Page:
Ms Rachel Brameld
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As a registered Operating Department Practitioner (ODP36579) your fitness to
practice is impaired by reason of conviction. In that:
1. On 28 July 2020 you were convicted at Sheffield Magistrates Court of:
a) On 29 July 2018 and 03 August 2018 at Sheffield in the county of South Yorkshire, stole Tramadol, in the course of your employment, of a value unknown belonging to Sheffield Children’s Hospital. Contrary to section
1(1) and 7 of the Theft Act 1968.
b) On 03 August 2018 at Sheffield in the county of South Yorkshire having
had in your possession a quantity of Tramadol, a controlled drug of class C in contravention of section 5(1) of the Misuse of Drugs Act 1971.
Contrary to section 5(2) and Schedule 4 to the Misuse of Drugs Act 1971.
2. By reason of your conviction your fitness to practise is impaired.
1. The papers in this case reveal the fact that the Notice of Hearing was emailed to the
Registrant’s email address on 20 September 2021 and that it was delivered. Additionally, the notice was posted by first class mail to the Registrant’s registered postal address on the 21 September 2021. The Panel found good service.
Proceeding in Absence
2. Ms Reid applied for this hearing to proceed in the absence of the Registrant. Good
service having been found, the Panel noted that the facts in this case go back to the
months of July and August 2018. There has already been one adjournment requested by the
Registrant on 24 May 2021 which was granted by that Final Hearing panel. The Panel also took into account that, as a conviction case, the underlying facts are indisputable. There has been no engagement by the Registrant since May 2021 and she has declined the invitation
to submit to the HCPC any documents on her own behalf. There has been no application
for these proceedings to be adjourned, and in all the circumstances, the Panel took the view
that the Registrant had voluntarily absented herself. This is a serious case which needs to be
dealt with today and the Panel’s view is that the interests of the public demand that the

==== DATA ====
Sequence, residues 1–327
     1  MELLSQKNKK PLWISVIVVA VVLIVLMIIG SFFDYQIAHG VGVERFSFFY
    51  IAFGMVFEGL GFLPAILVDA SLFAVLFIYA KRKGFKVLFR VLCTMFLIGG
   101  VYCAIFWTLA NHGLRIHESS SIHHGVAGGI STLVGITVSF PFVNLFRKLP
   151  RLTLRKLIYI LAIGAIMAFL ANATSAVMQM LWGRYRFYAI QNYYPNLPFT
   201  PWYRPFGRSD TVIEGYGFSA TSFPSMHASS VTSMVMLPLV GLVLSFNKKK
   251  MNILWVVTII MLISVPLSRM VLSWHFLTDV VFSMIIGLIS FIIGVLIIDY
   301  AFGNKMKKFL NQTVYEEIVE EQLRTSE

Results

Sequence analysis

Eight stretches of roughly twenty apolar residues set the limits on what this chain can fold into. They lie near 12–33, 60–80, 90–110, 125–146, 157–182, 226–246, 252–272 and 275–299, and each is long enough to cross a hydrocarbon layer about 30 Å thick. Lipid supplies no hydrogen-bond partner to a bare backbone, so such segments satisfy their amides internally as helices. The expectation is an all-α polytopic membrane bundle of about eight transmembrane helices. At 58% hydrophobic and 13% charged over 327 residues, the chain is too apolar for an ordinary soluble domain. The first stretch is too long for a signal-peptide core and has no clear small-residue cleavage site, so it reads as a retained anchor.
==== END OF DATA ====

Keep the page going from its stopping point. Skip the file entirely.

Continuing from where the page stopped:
application be granted.
Application to Proceed in Private
3. Ms Reid made an unopposed application for any references to the health or the
family life of the Registrant to be held in private. The Panel found it appropriate to
grant this application, in accordance with the relevant rule.
4. The Registrant started employment with the Sheffield Children’s Hospitals NHS Foundation Trust (the Trust) on 07 September 2015.
5. At the material time, the Registrant was working as an Anaesthetic Practitioner at the hospital’s main site in the operating theatre.
6. On 03 August 2018, the Registrant was arrested on suspicion of having committed theft of
controlled drugs from the hospital. She was suspended from work on that date and the HCPC was informed of those facts.
7. On 19 November 2018, in a written statement to the HCPC, the Registrant accepted responsibility for removing a box of Tramadol from her workplace. She also mentioned personal issues in relation to the ill health of her mother and of herself.
8. It seems that the Registrant has been a subject of an Interim Suspension Order imposed by the HCPC since January 2019.
9. On 28 July 2020, the Registrant pleaded guilty at Sheffield Magistrates’ Court to two separate offences. The first alleged that on 29 July 2018 and on 03 August 2018, she stole Tramadol during the course of her employment from Sheffield Children’s Hospital. The second alleged that on 03 August 2018, she was in possession of a quantity of Tramadol, a controlled drug of class C.
10. The Registrant was sentenced to a community order for a period of 18 months, which required her to participate in rehabilitation activities for a maximum period of 25 days. She was also ordered to pay costs and a surcharge to fund victim services.
Decision on Facts
11. The documents in this case include a memorandum of entry in the Register of Sheffield Magistrates’ Court that refers to the charges mentioned above, pleas of guilty to them entered by the Registrant and the sentence that was imposed. This is incontrovertible evidence of the facts stated therein and thus the Panel found particulars 1a and 1b proved.
Decision on Impairment
12. The Panel accepted the advice of the Legal Assessor and reminded itself of the contents of the HCPTS Practice Note on ‘Finding that Fitness to Practise is impaired’. It recognised that the question of current impairment is a matter for its professional judgment. Ms Reid submitted that the Registrant’s fitness to practise is currently impaired. There were no representations from the Registrant.
13. On any view, the crimes the Registrant committed have to be regarded as serious. They involved theft of controlled drugs from the workplace and, as such, amounted to a breach of her employer’s trust.
14. In determining the question of impairment, the Panel first considered the personal
component. In this context, there has been scant information from the Registrant, who
has not engaged with the HCPC in any form since May of this year. At the adjourned hearing on 24 May 2021, the Registrant was invited to submit to the HCPC a number of relevant documents, including a reflective piece and any evidence of recent training/courses. The
Registrant has submitted nothing. Therefore, there is no material to support a contention that the Registrant has shown any insight into her failings, nor is there anything to suggest that she has taken any steps to remediate them. There is also a risk of potential harm to service users.
15. In relation to the public component, the dishonest activities of the Registrant were